However, Europe and the US said they want the unity government, known as the Government of National Accord, in place so they can support it militarily to put down the extremist group — leaving open the question of how to get it into place. European nations are considering sanctions against several politicians accused of undermining it, including al-Ghweil, the head of the Tripoli-based parliament, Nouri Abusahmein, and the head of the Tobruk parliament, Agila Saleh. However, the EU is still debating the sanctions.
“The reality is, the unity government is the only way out, but may not survive,” European Council on Foreign Relations policy fellow Mattia Toaldo said, adding that if it does succeed in entering Tripoli, its members could come under attack from the Islamic State group.
“In general, it is a gamble,” he said. “We should not be surprised if the government is targeted physically.”
Toaldo said one way to secure al-Sarraj’s entry into Tripoli could be to arrange a deal among militias within both camps that have shown support for the UN deal to protect his government, or at least remain neutral. Most notably, the powerful militias from the city of Misrata, which nominally back the Tripoli administration, but are more concerned with fighting the Islamic State group, are largely behind the UN deal.
However, there is no guarantee that the other factions would back down. So, what is a war between two rival governments backed by militias risks becoming a war among three rival governments, none of which recognize the others — yet another permutation to the chaos that Libya has seen since the ouster and killing of former Libyan leader Moammar Gadhafi in the 2011 civil war.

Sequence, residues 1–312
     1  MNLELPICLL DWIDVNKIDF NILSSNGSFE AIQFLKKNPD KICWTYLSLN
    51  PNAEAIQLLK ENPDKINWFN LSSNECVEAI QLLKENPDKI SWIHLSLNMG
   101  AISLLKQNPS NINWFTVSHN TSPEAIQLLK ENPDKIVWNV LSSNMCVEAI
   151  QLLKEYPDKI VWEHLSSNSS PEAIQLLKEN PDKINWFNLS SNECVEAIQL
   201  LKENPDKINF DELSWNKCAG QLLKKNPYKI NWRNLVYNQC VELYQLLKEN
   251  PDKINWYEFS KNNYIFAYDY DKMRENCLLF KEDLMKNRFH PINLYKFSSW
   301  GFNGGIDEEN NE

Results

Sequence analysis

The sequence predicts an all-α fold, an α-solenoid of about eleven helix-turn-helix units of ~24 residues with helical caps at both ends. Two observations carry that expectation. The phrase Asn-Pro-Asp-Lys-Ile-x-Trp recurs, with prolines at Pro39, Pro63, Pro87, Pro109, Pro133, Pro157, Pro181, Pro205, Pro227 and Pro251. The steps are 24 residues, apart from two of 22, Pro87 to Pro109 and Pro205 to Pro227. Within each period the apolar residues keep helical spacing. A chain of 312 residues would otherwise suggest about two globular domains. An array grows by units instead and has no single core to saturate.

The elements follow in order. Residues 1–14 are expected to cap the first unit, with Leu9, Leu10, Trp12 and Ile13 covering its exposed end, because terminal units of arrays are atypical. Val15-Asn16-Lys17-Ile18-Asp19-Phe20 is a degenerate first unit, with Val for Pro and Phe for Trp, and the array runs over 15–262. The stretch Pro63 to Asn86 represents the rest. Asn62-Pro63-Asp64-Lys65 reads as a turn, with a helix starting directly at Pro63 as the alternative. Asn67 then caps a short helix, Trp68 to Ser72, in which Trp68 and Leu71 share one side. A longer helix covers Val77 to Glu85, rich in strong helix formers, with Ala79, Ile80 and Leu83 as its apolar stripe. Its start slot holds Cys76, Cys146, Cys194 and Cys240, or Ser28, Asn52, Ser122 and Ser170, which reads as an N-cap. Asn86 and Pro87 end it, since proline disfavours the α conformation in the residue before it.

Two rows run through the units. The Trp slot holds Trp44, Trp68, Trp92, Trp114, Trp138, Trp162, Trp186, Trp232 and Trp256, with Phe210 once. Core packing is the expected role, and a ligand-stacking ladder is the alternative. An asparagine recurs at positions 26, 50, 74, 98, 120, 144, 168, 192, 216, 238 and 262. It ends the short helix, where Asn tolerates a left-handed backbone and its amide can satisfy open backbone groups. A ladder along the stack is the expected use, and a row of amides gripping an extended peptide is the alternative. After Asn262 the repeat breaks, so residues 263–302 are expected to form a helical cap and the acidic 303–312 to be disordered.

On Thursday last week, UN Libya envoy Martin Kobler, who has led the negotiations over the unity government, said it is vital that al-Sarraj and his leadership move into Tripoli and that the two rival governments “cease to exist,” but he did not say how to bring it about. He urged the Tobruk administration to throw its backing to el-Sarraj to legitimize it.
“The situation in Libya is urgent,” Kobler said during a visit to Cairo to meet Arab League officials. “The Islamic State is expanding, the economic situation going from bad to worse.”
“DAESH do not discuss agreements... They just take territory every day and they expand if nothing is done,” he added, using an Arab acronym for the militant group.